The modern indie scene has gone above and beyond all expectations when it comes to tackling some of the most cherished genres throughout video game history. We’ve definitely had an abundance of excellent indie 2D platformers, but strangely enough, with the exception of say Yooka-Laylee and A Hat In Time, we don’t get to see that many open-world 3D platforming games developed by smaller studios.
The truth of the matter is that even big-budget developers have struggled in the past to capture the quality and imagination that Nintendo themselves virtually invented and pretty much perfected. It’s worth wondering then, if the genre is simply one of those examples where the bar has been raised maybe a bit too high?
Demon Turf sets out to prove otherwise as we play as a young demon girl called Beebz with high ambitions to become Queen and rule the roost. However, the only way for her to be taken seriously is by conquering the four turf leaders of Forktown and overthrowing the Demon King himself.
Beebz happens to be a 2D sprite leaping around a cel-shaded polygonal world, and navigating her around a three-dimensional landscape translates fairly well for the most part. At face value, I had a reasonable understanding of my sense of space with the aid of using the spot of her shadow as a handy guide. Her fantastic animations are sketched across various angles, and how they twist and turn into different kinds of creatures both above ground and underwater, really punch in a personality that fits nicely within an already interesting visual style.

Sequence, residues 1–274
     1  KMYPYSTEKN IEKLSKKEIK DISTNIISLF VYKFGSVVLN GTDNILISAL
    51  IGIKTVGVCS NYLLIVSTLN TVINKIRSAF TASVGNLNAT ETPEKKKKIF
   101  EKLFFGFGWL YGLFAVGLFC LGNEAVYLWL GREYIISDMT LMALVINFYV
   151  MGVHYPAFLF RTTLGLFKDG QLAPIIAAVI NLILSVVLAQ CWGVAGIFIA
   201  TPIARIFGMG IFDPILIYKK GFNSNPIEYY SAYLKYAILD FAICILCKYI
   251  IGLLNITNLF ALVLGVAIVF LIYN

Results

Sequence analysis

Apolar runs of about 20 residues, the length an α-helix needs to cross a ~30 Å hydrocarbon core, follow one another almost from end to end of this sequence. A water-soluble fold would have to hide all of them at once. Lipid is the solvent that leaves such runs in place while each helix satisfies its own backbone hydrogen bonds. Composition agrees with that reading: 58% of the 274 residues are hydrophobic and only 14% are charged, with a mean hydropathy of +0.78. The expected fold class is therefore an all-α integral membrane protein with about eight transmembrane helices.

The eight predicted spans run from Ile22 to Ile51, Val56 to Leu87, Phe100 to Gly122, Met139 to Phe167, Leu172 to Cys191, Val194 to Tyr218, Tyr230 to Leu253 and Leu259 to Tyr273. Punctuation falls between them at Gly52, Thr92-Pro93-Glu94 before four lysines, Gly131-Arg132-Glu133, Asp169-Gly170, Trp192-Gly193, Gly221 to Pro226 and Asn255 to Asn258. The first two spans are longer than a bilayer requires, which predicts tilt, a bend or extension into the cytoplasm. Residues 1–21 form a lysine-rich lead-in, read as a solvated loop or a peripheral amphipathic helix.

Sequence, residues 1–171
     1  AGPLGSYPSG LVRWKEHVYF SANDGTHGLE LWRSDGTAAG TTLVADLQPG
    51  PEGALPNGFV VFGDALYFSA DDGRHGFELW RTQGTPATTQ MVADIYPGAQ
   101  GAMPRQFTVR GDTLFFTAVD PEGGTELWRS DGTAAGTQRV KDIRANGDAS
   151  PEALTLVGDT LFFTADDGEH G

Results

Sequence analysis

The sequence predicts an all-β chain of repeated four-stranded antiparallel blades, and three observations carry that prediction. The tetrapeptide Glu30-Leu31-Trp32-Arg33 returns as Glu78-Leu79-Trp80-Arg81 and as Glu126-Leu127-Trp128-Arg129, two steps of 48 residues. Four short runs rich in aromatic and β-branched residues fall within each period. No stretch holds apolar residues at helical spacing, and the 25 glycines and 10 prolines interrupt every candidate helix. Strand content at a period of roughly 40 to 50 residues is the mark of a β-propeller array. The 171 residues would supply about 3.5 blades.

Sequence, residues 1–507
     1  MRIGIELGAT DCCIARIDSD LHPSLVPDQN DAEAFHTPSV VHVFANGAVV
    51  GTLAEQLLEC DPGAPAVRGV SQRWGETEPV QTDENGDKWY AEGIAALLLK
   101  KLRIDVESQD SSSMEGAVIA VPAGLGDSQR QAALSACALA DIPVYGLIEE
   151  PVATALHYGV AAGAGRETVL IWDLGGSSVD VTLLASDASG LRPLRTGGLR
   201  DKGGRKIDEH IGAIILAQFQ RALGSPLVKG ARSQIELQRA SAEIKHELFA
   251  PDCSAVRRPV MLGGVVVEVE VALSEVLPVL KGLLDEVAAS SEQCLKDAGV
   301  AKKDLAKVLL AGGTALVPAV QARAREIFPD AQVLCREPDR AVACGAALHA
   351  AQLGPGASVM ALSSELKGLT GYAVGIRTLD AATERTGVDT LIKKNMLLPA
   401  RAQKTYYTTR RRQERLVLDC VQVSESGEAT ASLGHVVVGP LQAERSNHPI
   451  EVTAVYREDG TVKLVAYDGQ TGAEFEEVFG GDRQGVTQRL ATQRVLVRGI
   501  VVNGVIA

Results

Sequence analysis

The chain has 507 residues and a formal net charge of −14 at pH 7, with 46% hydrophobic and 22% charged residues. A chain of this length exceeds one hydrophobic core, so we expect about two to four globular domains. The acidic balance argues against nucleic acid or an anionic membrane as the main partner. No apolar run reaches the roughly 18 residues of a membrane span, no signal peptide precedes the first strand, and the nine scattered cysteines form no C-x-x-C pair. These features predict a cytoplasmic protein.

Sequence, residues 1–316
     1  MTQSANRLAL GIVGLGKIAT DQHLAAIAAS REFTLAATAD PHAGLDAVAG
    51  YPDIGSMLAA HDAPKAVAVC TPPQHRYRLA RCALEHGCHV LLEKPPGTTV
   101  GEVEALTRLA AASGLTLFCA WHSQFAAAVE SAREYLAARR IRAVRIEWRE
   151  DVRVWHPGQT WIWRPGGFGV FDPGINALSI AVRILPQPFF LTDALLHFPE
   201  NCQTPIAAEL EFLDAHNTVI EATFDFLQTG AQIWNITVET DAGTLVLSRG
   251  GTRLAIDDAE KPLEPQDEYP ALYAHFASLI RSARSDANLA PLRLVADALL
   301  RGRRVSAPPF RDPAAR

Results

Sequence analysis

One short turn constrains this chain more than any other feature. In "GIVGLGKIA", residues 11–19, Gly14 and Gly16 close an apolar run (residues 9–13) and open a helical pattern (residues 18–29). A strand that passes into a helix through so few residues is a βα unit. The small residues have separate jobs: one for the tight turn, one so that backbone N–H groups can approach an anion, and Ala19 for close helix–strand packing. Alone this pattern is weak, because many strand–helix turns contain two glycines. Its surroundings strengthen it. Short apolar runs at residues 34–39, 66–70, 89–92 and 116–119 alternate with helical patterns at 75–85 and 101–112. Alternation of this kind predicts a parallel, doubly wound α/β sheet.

Beebz can triple jump, sideward somersault, gain a little extra air time with a spin and even ‘yahoo’ long jump in her own little way. Such actions should somewhat hit home if you’re already familiar with the acrobatics of a certain plumpy plumber, albeit maybe with a bit more stiffness and a little less spring.
Her core moveset can be combined and manipulated to pull off some rather fancy tricks with a bit of practice, patience and plenty of experimentation. While her core mechanics can at first seem a little slow and rigid, navigating her can begin to feel a bit smoother once mods are purchased and upgrades are earned. Mods can be bought by finding cakes scattered around stages which can improve anything from slightly increasing her default running speed, earning an extra checkpoint or even improving the way Beebz throws hands in combat.
Beebz’s upgrades – to which she permanently claims just before encountering a boss fight – help Demon Turf steer away from its blatant inspirations and uncover more of its own identity. Turning into a rolling snake and racing across narrow roads, or launching her Hookshot to gain some height and momentum provides a sense of speed without having to constantly yahoo jump everywhere. Transforming into a bird and soaring between two peaks of a high snowy mountain also adds a greater sense of satisfaction.